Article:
If Murray had initiated a proper legal hold concerning his client’s social media evidence instead of directing blatant spoliation, he would be a lot wealthier and likely kept his job. Instead, he apparently quit his position as managing partner of the largest personal injury firm in Virginia and, according to local press reports, he no longer practices law.

The court’s findings reflect that Murray told his client to remove several photos from his Facebook account on fears that they would prejudice his wrongful death case brought after his spouse’s fatal automobile accident. One of the photos depicts the allegedly distraught widower holding a beer and wearing a t-shirt emblazoned with “I [heart] hot moms.” Murray instructed his client through his assistant to “clean up” his Facebook account. “We do not want blow ups of other pics at trial,” the assistant’s email to Lester said, “so please, please clean up your Facebook and MySpace!”

This case reflects a trend we see based on anecdotal data points where a minority of legal and eDiscovery practitioners have not quite placed social media evidence on the same par as other electronic evidence. For instance, I believe it is highly unlikely that Murray would have instructed his client to delete all his emails or wipe his hard drive, but for some reason he differentiated social media evidence.

The attorneys we speak with are telling us that social media evidence is relevant to nearly every case they handle and the savvy ones are using social media evidence to win their cases. And as we recently noted, since 2010 social media evidence played a key role in 675 different cases with published decisions reflecting such involvement and in presumably tens of thousands more cases not involving published decisions. Those numbers will only increase as social media networks grow even more popular.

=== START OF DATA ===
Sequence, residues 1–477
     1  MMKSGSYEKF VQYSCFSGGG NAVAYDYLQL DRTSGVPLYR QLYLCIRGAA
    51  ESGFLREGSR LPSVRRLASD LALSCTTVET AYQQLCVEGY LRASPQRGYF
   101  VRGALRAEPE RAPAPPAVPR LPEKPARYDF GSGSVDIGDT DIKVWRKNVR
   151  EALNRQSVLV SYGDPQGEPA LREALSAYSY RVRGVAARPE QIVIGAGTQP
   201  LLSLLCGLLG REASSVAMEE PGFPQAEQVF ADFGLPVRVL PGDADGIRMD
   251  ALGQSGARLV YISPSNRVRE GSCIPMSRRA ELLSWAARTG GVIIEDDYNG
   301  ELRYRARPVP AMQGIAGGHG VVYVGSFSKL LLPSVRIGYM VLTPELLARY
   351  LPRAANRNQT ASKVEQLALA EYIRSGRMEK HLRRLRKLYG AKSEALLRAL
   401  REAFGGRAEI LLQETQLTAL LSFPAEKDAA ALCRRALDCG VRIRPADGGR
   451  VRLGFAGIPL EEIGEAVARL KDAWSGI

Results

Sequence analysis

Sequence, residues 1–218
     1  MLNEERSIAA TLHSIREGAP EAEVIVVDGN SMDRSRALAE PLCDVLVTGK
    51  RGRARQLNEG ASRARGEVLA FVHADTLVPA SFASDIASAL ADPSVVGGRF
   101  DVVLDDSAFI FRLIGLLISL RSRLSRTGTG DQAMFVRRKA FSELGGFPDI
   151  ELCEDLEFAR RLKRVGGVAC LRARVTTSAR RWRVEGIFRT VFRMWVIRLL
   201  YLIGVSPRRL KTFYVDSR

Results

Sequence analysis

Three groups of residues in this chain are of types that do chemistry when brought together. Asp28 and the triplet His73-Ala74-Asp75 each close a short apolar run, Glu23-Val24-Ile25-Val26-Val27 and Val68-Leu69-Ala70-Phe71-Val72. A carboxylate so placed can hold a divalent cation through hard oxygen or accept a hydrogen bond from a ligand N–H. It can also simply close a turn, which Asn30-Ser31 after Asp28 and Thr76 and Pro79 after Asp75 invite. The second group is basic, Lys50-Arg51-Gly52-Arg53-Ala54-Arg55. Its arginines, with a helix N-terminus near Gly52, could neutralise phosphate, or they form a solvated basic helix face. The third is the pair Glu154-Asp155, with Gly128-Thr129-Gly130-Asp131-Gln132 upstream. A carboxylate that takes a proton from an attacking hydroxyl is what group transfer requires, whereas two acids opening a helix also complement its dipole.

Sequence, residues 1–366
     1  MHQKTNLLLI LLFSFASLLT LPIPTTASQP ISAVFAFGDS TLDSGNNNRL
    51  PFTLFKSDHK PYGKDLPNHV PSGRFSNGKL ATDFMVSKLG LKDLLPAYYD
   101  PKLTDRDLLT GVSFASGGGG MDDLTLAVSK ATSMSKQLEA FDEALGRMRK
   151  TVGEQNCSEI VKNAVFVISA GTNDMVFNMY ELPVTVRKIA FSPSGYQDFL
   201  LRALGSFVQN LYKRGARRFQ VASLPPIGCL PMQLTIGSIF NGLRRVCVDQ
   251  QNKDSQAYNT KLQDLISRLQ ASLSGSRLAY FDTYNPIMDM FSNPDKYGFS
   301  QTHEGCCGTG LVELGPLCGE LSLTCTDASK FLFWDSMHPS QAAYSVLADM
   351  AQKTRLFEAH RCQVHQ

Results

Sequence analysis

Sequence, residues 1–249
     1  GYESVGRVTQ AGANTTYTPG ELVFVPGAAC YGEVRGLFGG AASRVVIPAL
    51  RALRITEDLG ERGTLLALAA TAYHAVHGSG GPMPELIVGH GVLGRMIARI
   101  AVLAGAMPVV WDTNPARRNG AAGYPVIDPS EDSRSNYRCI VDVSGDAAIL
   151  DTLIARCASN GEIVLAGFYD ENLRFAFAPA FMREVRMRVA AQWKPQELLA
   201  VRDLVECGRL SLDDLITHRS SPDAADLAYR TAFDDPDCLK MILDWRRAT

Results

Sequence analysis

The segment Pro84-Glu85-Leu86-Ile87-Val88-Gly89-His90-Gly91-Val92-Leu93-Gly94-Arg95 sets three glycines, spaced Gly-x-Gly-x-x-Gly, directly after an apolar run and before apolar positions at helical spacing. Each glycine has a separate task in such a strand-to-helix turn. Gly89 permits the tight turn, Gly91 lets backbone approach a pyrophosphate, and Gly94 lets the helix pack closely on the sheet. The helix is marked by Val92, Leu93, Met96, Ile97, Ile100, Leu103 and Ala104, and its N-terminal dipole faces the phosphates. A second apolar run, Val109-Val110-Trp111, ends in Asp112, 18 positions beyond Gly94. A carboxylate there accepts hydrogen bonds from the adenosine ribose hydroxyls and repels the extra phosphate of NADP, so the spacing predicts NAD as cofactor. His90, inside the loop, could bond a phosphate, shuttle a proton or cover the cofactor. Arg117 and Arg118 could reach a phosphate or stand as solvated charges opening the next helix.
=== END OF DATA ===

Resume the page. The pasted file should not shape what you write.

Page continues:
However, I was struck by one recent conversation where an eDiscovery consultant had not yet included social media data source in their standard investigation checklist. To be fair, there has not been best practices technology available to enable scalable, mainstream social media eDiscovery until recently, which impacts standard processes.

But just as the Virginia state court judge saw no difference between Facebook postings and other “traditional” electronically stored information, neither should anyone in the legal and investigative fields, especially since the software needed to get the job done is now available.

UPDATE: Here is copy of the previous court ruling determining sanctions were in order. The final order set the amount.

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Filed under Best Practices, Case Law